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Canadian Auto Workers Union Passes Final ‘Big Three’ Test

October 23, 1987

TORONTO (AP) _ The Canadian Auto Workers union reached a tentative three-year contract agreement with General Motors of Canada Ltd., and called off a strike Thursday by 38,000 workers.

The agreement, reached Wednesday night and subject to ratification this weekend, marked the final hurdle for White in negotiating with the ″big three″ automakers in Canada, subsidiaries of GM, Ford and Chrysler.

It was the first major success for Union President Bob White, a staunch Canadian nationalist, since he took the CAW out of the U.S.-based United Auto Workers in 1985.

The three contracts are similar and follow the pattern established in the first settlement for 10,000 CAW members at Chrysler Canada Ltd., reached Sept. 17 after a three-day strike. Ford settled with its 13,000 Canadian workers on Oct. 1, hours before a scheduled strike.

White obtained his main demand of inflation-proof pensions from all three companies, a first in the North American auto industry.

While he was negotiating in Canada, the United Auto Workers successfully secured new three-year pacts with GM, Ford and Chrysler in the United States.

At a news conference in Toronto, White and GM vice president Rick Curd said the GM contract includes an immediate 3 percent wage increase, a 25 cents an hour increase in the second and third years of the contract and cost-of-living raises.

Assembly workers at GM’s 11 plants in Ontario Province and two plants in Quebec earned an average $11.60 an hour under the old contract.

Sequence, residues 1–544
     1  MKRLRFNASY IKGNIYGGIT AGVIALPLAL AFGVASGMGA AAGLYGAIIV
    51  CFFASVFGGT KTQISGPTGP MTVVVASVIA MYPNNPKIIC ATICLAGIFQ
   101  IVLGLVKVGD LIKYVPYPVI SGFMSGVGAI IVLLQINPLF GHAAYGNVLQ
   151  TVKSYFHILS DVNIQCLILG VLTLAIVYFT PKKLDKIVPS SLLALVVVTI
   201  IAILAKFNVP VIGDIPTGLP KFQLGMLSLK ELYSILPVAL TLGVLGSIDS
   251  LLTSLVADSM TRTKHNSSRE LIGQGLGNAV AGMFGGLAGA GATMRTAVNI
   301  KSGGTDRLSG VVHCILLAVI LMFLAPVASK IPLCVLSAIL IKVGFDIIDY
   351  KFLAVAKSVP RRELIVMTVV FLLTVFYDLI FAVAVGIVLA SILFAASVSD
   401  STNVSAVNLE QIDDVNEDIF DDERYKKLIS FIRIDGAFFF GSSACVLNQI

In addition, White said workers will get a larger say in GM production because a union representative will join a panel of company executives overseeing quality.

″Our members on the shop floor have a lot of ideas in terms of quality problems,″ he said. ″What we want to do is make sure those ideas get to the president of the corporation.″

White said GM-Canada had matched Ford’s commitment that job guarantees contained in the new U.S. contracts will not result in job losses in Canadian plants.

Curd said GM’s relations with the union were at an all-time high following the negotiations, but the settlement was marred by a wildcat strike started by 400 workers at GM’s Oshawa plant Wednesday night.

It resulted in the shutdown of two car plants and a truck factory, and a total of 4,300 workers were idled, officials said.

A handful of strikers tried to block access to the complex early Thursday but police cleared the path for vehicles and the day shift reported for work, ending the stoppage, which cost GM production of 625 cars and 125 trucks.

One man brandishing a baseball bat was arrested Wednesday night and charged with possession of a dangerous weapon, police said.

″We were all disheartened,″ said Curd. ″It’s an injustice to the job that union bargainers did.″

The company agreed not to take disciplinary action against the leaders of the wildcat strike, White said.

He said the Oshawa workers were angered over a recent shift schedule change. The Oshawa local has 17,000 members.

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